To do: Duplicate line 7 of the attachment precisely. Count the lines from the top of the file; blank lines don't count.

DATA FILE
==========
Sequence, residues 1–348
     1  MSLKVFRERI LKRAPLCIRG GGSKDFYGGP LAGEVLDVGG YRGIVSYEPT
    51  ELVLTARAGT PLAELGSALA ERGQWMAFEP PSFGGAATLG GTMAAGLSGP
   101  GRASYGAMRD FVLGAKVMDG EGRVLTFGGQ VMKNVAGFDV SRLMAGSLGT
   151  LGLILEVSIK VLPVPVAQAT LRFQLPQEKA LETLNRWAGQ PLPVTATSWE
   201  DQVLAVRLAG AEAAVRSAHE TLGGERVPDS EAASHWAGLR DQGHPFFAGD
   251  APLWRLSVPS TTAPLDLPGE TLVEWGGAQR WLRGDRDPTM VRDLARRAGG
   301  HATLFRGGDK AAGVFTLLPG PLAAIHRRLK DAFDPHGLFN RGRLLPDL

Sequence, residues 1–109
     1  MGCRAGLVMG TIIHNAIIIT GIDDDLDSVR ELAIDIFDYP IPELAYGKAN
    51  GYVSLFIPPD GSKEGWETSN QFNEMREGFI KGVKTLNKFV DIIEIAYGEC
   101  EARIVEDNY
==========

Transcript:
   251  APLWRLSVPS TTAPLDLPGE TLVEWGGAQR WLRGDRDPTM VRDLARRAGG